University of Massachusetts Amherst: Student Group Charged Unconstitutional Security Fee for Controversial Speaker
The Republican Club at UMass Amherst was pressured to accept $444.52 in extra security fees by the university's police department after it became known that students were planning to protest and disrupt its lecture event featuring conservative columnist Don Feder. Though the Republican Club reluctantly accepted the fees, the speech was nonetheless disrupted by protesters, and Feder was unable to finish his lecture. After pressure from FIRE, including a column in The Boston Globe pointing out that forcing groups to subsidize the activities of their protesters is unconstitutional, the UMass Amherst administration relented and relieved the group of the extra fees, though it deceptively claimed it had originally assessed the extra fees because of a larger expected audience than originally anticipated for Feder's lecture.
- "Victory for First Amendment Rights at UMass Amherst: Administration Rejects Censorship of Newspaper," April 23, 2009: Under pressure from FIRE, University of Massachusetts Amherst has rejected the student government's official censorship of The Minuteman, a conservative campus newspaper that mocked a student government official. In addition, FIRE has learned that UMass Amherst has held accountable at least one of the people who stole copies of The Minuteman out of the hands of a student while a campus police officer watched and did nothing.
- "Free speech silenced," Boston Herald, April 16, 2009
- "Letter from UMass to 'The Boston Globe': "No real controversy in UMass event"," The Boston Globe, April 13, 2009
- "Letter to FIRE from UMass Associate Counsel Brian W. Burke," April 9, 2009
- "FIRE Letter to University of Massachusetts Chancellor Robert C. Holub," March 24, 2009
- "Under Pressure from FIRE, UMass Amherst Revises 2010's Speech Code of the Year," by William Creeley, February 14, 2011: Under pressure from FIRE, the University of Massachusetts at Amherst has revised its policy governing rallies on campus. In January, FIRE named the policy the 2010 Speech Code of the Year. The policy also helped earn UMass Amherst a spot on FIRE's recent "12 Worst Colleges for Free Speech" feature for The Huffington Post. The policy confined "controversial rallies" to the Student Union steps between noon and 1 p.m., required student groups to register their rally five days in advance, and mandated that members of the group act as security for the event. The revised policy requires registration 24 hours before an event, allows rallies during class hours, and does not require students to serve as security for the rally.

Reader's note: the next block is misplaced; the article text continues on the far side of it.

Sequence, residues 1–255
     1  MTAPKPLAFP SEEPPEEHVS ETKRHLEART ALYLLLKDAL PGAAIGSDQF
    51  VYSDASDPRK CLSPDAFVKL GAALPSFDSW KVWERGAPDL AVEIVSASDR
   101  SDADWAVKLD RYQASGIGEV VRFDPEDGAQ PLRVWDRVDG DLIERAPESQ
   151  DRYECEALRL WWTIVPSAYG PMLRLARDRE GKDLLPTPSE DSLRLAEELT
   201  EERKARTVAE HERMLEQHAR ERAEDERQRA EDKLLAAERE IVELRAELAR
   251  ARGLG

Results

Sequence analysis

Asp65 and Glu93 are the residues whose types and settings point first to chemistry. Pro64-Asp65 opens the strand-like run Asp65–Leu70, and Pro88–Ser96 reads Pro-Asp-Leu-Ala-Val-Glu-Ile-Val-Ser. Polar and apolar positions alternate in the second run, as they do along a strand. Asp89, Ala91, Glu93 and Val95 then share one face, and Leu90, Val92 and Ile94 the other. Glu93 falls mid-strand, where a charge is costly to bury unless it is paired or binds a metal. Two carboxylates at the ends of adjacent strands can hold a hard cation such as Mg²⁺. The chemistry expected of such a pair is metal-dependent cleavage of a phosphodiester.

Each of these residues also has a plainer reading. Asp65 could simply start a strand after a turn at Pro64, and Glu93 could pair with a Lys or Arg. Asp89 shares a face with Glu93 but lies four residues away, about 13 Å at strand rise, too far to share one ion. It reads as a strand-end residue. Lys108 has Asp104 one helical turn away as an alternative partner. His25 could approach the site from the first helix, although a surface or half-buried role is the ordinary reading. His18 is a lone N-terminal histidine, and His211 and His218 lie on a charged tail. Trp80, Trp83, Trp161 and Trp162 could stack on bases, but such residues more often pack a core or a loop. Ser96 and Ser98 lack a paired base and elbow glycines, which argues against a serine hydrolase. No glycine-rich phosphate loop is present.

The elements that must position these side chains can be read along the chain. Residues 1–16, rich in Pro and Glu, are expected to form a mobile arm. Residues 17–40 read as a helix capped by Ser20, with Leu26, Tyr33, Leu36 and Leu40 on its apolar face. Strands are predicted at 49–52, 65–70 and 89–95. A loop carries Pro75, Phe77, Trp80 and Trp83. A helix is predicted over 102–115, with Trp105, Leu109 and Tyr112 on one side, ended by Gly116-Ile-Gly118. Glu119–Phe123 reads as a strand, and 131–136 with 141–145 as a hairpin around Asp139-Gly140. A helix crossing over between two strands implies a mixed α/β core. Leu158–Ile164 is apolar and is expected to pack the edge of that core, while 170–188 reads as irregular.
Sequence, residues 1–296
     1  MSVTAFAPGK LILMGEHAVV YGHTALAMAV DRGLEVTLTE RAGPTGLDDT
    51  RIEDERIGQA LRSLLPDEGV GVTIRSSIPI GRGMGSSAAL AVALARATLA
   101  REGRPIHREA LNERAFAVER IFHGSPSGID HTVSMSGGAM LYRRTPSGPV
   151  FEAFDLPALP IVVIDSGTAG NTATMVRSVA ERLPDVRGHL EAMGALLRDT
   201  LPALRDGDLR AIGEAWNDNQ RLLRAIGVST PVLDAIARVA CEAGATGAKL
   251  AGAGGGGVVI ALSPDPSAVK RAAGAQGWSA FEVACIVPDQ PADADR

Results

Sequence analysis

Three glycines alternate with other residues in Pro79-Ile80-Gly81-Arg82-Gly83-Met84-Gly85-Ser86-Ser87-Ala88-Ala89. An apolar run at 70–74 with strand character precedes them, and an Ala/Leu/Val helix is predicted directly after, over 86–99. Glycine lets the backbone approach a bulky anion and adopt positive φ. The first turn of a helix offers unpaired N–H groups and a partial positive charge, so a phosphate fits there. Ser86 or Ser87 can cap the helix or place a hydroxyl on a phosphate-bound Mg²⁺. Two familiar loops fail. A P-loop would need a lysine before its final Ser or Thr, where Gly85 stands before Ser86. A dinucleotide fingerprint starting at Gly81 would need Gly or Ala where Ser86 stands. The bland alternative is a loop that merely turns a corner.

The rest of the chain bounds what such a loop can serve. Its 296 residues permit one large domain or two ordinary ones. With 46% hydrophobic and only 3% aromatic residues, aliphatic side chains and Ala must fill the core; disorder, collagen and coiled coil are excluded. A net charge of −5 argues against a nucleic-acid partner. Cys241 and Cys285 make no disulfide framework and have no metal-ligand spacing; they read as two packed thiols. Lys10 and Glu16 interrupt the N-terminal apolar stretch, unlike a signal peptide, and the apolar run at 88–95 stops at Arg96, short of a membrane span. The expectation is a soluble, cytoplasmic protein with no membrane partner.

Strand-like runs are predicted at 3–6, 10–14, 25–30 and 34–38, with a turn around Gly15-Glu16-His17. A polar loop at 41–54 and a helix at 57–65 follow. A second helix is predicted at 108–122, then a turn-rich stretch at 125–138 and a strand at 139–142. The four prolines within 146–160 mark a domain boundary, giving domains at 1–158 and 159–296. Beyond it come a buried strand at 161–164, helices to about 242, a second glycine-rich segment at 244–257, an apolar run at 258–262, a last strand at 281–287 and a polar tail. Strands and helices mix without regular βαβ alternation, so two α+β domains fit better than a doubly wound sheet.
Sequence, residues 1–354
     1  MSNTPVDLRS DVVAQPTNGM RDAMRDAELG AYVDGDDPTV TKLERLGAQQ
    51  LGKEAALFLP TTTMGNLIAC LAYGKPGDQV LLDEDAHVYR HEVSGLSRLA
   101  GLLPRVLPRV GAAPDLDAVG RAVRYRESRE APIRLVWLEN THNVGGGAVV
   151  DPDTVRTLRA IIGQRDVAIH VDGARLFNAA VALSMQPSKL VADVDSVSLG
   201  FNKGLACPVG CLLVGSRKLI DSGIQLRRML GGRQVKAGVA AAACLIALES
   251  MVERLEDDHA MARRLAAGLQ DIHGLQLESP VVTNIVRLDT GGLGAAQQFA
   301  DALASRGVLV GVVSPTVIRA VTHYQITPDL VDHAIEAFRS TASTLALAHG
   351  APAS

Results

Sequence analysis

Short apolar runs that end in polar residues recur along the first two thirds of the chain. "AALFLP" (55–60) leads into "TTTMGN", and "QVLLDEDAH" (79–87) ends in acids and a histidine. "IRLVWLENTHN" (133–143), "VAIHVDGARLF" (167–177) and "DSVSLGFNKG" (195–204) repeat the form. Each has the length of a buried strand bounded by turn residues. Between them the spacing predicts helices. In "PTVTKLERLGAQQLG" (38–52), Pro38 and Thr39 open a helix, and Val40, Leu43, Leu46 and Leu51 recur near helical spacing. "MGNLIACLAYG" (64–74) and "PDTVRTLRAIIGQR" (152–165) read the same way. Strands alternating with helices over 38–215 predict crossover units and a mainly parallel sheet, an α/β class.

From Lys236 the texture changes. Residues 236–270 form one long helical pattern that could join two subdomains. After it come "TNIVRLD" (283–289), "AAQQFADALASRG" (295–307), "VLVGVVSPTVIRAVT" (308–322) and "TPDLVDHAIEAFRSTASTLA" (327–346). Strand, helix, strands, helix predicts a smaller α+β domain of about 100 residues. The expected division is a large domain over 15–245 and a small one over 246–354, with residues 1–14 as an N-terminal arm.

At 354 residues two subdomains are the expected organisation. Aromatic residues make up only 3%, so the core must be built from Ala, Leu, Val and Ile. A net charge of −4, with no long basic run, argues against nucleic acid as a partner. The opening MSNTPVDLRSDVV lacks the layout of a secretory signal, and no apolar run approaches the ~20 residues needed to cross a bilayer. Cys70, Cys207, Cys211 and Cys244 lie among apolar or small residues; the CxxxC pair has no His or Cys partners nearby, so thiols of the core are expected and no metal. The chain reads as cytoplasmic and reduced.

- "Victory for First Amendment Rights at UMass Amherst: Administration Rejects Censorship of Newspaper," by Adam Kissel, April 23, 2009
- "FIRE Vice President Pens Op-Ed for ‘The Boston Globe’: ‘Why no one should be silenced on campus’," by Luke Sheahan, April 9, 2009: Today's Boston Globe features an op-ed from FIRE Vice President Robert Shibley on the disruption of Don Feder's speech at the University of Massachusetts at Amherst. This incident is indicative of a larger problem on college campuses, where students have begun to resort to disruption and violence to preempt speech with which they disagree. All too often, university policies actually make this "heckler's veto" possible, denying students the opportunity to hear speakers with diverse views. As Robert's column persuasively points out, the real casualty of the heckling 'arms race' fostered by such policies is the possibility of getting a truly liberal education.
- "Four FIRE Cases on Security Fees Top Sunday’s San Francisco Chronicle," by Adam Kissel, March 31, 2009
- "Between the Lines: Intolerant of Dissent,"
by Cathy Young, The Valley Advocate, May 21, 2009
- "Before you know it, your speech could be offensive,"
by Cathy Young, RealClearPolitics, April 22, 2009
- "UMass-Amherst abandons free-speech rights,"
by Pete Chagnon, OneNewsNow.com, April 21, 2009
- "Why no one should be silenced on campus,"
by Robert Shibley, The Boston Globe, April 9, 2009